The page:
Nursing Mistakes: Learning & Moving On
Mistakes: we’ve all made them, we’ve all found them. After all, we’re human, right? The extent of the errors vary widely from medication or treatment errors, errors in judgment to errors in misinterpreting an order, but they are errors nonetheless.
Although we know how to do things properly or we should ask for help if we don’t understand something, there are times when things go awry and before we know it, a mistake has been made.
As students, who didn’t sweat bullets when it came to being afraid of making a medication error? The International Council of Nurses did a study that showed nurses play a key role in helping prevent medication errors by doctors and pharmacists. However, despite doing our checks, right drug, right patient, right time, right dose, right route –mistakes still can happen, usually because we are interrupted or distracted.
Oddly enough though, I found that most of these mistakes happened when it was quiet, not when we were busy. It seems that when we are busy, we know that mistakes can happen, so we’re ever vigilant to prevent them. But when it’s quiet, it’s easier to get distracted and easier to let your guard down.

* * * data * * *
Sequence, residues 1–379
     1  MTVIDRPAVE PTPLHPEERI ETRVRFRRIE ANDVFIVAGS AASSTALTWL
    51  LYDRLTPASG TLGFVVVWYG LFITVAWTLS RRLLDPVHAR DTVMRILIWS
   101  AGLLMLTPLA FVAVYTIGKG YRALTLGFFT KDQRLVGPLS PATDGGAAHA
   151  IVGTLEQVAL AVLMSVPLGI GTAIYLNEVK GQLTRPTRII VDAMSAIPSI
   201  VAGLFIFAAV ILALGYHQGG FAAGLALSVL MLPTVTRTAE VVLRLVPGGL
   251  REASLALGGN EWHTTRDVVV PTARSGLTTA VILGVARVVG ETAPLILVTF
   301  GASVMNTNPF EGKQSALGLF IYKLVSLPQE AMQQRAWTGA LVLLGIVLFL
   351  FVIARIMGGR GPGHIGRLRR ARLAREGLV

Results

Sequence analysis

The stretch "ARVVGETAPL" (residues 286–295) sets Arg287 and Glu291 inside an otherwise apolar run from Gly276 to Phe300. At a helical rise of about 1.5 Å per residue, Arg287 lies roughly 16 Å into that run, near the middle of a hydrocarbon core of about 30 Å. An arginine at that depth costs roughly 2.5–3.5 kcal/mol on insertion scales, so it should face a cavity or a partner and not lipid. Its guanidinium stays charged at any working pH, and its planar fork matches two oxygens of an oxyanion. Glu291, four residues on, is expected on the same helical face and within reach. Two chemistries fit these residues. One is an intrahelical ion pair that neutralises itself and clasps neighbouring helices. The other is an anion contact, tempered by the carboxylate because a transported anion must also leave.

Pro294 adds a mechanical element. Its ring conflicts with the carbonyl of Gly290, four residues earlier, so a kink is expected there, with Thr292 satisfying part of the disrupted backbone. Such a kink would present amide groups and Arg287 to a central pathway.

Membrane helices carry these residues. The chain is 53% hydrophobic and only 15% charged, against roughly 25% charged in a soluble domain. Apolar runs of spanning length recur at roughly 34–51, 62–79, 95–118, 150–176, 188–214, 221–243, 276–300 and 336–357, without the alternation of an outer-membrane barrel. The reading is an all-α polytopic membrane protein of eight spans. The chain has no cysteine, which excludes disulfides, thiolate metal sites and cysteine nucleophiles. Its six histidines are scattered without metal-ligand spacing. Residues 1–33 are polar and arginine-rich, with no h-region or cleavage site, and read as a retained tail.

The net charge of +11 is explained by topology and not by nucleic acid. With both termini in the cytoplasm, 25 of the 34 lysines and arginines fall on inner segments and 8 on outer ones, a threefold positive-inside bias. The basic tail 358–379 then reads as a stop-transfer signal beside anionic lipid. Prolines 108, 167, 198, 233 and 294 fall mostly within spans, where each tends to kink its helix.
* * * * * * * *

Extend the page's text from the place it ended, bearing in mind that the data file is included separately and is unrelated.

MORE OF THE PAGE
The Forgotten Patient
Have you ever forgotten a patient? One time, on a medical unit I was on, the charge nurse forgot to assign one of the patients. To make things worse, this patient’s room was off to the side, not one that you would go by often unless you meant to go to her room. As a result, the patient slipped through the cracks and didn’t receive care for most of the shift. Luckily, that patient was independent enough not to need constant care, but we were all horrified that this could happen.
As nurses, we are busy with our own patient loads and our own worries, so it may not be obvious to us that someone isn’t receiving care. After that incident, every time I was charge nurse, I was fanatical about being sure every patient was accounted for every shift.
Procedure errors happen. We’ve all heard horror stories of the wrong limb being targeted for amputation, but it’s also smaller things that can happen. I remember once taking over a patient with an NG tube to suction. But, when I went to make my nursing assessment, there was nothing happening. The reason? The suction machine wasn’t plugged in; the cord was still coiled around the holder. No wonder the poor soul was feeling so nauseated.
The next day, I quietly told the relatively new nurse about her error – she had transferred the patient from one room to another and forgotten to plug the machine in – but she vehemently denied forgetting. Making a mistake is upsetting, but denying it doesn’t change the fact that it happened. I have to admit, I never trusted her again.
Mistakes shouldn’t happen. Unfortunately, mistakes are made. The best we can do is learn from the errors and make every effort not to repeat them.